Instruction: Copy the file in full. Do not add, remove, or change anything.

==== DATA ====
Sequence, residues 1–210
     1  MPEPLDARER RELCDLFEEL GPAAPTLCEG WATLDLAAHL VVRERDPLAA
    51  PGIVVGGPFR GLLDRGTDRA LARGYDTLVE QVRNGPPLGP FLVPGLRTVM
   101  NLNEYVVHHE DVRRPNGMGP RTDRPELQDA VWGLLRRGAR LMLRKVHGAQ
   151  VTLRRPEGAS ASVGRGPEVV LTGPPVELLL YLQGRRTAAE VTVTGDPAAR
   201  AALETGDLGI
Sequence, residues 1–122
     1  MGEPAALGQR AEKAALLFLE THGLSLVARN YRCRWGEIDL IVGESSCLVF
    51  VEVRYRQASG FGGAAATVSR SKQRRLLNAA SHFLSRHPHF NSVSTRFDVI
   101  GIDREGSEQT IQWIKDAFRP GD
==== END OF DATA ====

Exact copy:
Sequence, residues 1–210
     1  MPEPLDARER RELCDLFEEL GPAAPTLCEG WATLDLAAHL VVRERDPLAA
    51  PGIVVGGPFR GLLDRGTDRA LARGYDTLVE QVRNGPPLGP FLVPGLRTVM
   101  NLNEYVVHHE DVRRPNGMGP RTDRPELQDA VWGLLRRGAR LMLRKVHGAQ
   151  VTLRRPEGAS ASVGRGPEVV LTGPPVELLL YLQGRRTAAE VTVTGDPAAR
   201  AALETGDLGI
Sequence, residues 1–122
     1  MGEPAALGQR AEKAALLFLE THGLSLVARN YRCRWGEIDL IVGESSCLVF
    51  VEVRYRQASG FGGAAATVSR SKQRRLLNAA SHFLSRHPHF NSVSTRFDVI
   101  GIDREGSEQT IQWIKDAFRP GD